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Lack of dredging in Venezuela poses problems for Chevron's heavy oil exports

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HOUSTON/MARACAY, Venezuela, Jan 4 (Reuters) – A shipping channel snafu is slowing efforts by Chevron Corp (CVX.N) to load tankers at one of its four Venezuelan joint ventures and bring heavy crude to the United States. States, three people familiar with the matter said on Wednesday.

In November, Washington authorized the last major American company still operating in Venezuela to restore lost production and start exporting oil as a way to encourage talks between the government of Nicolás Maduro and the country’s political opposition.

But a plan to move heavy oil quickly from stockpiles at the Petroboscan joint venture with state-owned PDVSA is facing delays due to a lack of dredging in the Lake Maracaibo shipping channel, the people said.

A dredge is often needed to clear the bed of water areas, removing mud, weeds and rubbish so that vessels can pass.

Shallow waters in the channel caused a ship unrelated to Chevron carrying scrap to run aground in December. Petroboscan has since instructed ships to limit draft after loading at the Bajo Grande oil terminal.

The canal on Lake Maracaibo, in the northwest of the country, is suitable for loading tankers with a draft of just 9.8 meters, one of the people said. This means that around 250,000 barrels of Boscan heavy oil can move through the channel connecting Bajo Grande to the Caribbean Sea at a time.

In a sign that Chevron expects to expand operations quickly, the oil producer has begun advertising to Venezuelan contract administrators and cargo schedulers. It is recruiting to rehire long-idled operations, primarily for its marketing and trading divisions, which will handle oil exports to its own US refineries and others.

Chevron began preparing to revive operations at its joint ventures in Venezuela last year when it filed a license application with the US Treasury Department following an agreement with PDVSA. The company wants to set up a trading team to sell oil from Venezuela and expand its activities in the four projects.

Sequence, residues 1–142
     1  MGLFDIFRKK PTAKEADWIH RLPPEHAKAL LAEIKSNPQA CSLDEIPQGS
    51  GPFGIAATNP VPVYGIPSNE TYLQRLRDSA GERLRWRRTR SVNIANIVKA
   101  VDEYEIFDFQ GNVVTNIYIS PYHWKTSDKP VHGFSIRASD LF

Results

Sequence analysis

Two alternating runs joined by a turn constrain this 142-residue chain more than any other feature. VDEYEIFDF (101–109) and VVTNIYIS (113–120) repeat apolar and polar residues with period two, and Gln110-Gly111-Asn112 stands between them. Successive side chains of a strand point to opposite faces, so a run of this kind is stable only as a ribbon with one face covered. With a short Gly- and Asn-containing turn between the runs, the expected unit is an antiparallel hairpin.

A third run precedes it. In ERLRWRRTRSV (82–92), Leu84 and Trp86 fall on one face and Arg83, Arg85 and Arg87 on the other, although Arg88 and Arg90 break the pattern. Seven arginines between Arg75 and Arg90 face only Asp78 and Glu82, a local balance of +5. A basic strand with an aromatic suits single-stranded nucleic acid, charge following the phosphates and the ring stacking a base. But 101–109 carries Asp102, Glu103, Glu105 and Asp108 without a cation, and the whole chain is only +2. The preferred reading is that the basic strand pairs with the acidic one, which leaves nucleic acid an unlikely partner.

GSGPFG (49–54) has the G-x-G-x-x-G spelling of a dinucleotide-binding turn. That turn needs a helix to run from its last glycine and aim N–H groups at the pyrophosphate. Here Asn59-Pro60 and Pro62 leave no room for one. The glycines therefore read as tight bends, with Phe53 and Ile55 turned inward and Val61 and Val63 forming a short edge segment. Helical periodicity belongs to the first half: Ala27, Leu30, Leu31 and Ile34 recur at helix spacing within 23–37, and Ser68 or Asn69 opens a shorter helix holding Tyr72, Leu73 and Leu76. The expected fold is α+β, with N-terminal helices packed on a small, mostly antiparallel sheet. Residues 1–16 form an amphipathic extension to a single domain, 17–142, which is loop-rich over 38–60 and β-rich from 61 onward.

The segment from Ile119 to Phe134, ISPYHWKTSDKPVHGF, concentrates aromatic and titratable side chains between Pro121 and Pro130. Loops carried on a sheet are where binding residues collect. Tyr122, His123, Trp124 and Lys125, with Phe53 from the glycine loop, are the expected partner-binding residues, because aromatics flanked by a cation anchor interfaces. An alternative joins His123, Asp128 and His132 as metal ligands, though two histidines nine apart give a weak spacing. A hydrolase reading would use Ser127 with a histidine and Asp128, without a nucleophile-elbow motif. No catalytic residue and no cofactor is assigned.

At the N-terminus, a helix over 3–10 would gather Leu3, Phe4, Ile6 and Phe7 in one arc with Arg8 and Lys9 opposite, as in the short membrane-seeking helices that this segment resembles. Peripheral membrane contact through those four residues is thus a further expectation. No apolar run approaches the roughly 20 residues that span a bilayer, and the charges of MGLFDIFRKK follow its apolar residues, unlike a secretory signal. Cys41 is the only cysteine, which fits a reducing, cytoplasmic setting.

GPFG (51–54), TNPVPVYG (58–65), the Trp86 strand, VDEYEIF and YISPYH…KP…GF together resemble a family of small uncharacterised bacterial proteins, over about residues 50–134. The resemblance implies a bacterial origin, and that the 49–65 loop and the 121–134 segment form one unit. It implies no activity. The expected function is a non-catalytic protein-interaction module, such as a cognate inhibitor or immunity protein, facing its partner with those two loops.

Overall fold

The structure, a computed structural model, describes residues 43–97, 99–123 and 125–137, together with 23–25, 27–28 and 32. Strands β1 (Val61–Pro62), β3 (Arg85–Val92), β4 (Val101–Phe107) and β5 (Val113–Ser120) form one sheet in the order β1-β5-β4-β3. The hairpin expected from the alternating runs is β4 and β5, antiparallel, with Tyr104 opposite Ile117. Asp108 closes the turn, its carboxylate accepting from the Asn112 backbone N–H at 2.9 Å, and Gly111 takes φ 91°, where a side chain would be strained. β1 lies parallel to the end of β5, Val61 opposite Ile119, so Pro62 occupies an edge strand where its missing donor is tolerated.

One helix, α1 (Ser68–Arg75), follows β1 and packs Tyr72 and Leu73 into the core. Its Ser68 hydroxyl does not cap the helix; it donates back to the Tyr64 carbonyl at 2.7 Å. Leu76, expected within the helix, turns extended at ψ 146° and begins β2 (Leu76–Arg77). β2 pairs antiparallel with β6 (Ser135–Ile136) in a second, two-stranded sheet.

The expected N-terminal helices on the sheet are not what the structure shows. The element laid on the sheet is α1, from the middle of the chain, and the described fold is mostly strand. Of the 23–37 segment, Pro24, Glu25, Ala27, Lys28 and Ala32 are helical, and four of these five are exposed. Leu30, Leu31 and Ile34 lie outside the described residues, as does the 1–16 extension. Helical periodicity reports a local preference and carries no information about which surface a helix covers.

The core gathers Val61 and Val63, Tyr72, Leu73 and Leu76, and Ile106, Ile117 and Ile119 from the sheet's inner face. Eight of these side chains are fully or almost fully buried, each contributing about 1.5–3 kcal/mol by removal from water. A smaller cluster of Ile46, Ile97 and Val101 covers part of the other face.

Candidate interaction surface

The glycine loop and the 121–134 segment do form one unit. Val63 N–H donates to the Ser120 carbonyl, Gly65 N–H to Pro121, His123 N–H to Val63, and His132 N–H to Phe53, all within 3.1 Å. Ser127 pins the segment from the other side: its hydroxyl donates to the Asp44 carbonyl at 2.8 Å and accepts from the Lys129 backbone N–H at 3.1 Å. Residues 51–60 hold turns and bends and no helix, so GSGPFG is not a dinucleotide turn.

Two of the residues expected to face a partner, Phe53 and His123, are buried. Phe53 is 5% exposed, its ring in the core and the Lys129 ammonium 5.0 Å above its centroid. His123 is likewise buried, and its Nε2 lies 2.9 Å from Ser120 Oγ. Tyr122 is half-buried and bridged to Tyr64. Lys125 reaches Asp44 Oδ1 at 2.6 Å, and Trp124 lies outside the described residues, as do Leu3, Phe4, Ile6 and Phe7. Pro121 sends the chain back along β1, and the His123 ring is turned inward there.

PDVSA and Chevron did not respond to requests for comment.


Small tankers coming from Bajo Grande are transporting oil from western Venezuela to a ship-to-ship transfer area along the country’s coast, where they fill larger ships. The first cargo chartered by Chevron loaded this way has yet to depart for the United States, according to the people and tracking data from Refinitiv Eikon.

Chevron has chartered three ships to Venezuela: the UACC Eagle, which will unload a US cargo of heavy naphtha at PDVSA’s port of Jose later this week; the Caribbean Voyager, which is carrying 500,000 barrels of Hamaca oil to Chevron’s refinery in Pasacagoula, Mississippi; and the Kerala, which arrived Tuesday at the Lake Maracaibo channel to load Boscan oil, according to shipping documents and Eikon data.

Italian oil company Eni (ENI.MI) also plans to obtain a cargo of Venezuelan oil this month under an agreement that began last year to receive Venezuelan oil in exchange for paying outstanding debts, according to another person familiar with the matter.

Editing by Marianna Parraga in Houston and Mircely Guanipa in Maracay, Venezuela Additional reporting by Deisy Buitrago in Caracas Editing by Matthew Lewis

Our Standards: Thomson Reuters Trust Principles.

Marianna Parraga

Thomson Reuters

Focused on energy-related sanctions, corruption and money laundering, with 20 years of experience covering the oil and gas industries in Latin America. Born in Venezuela and living in Houston, she is the author of the book “Oro Rojo” about the troubled Venezuelan state PDVSA and the mother of three boys.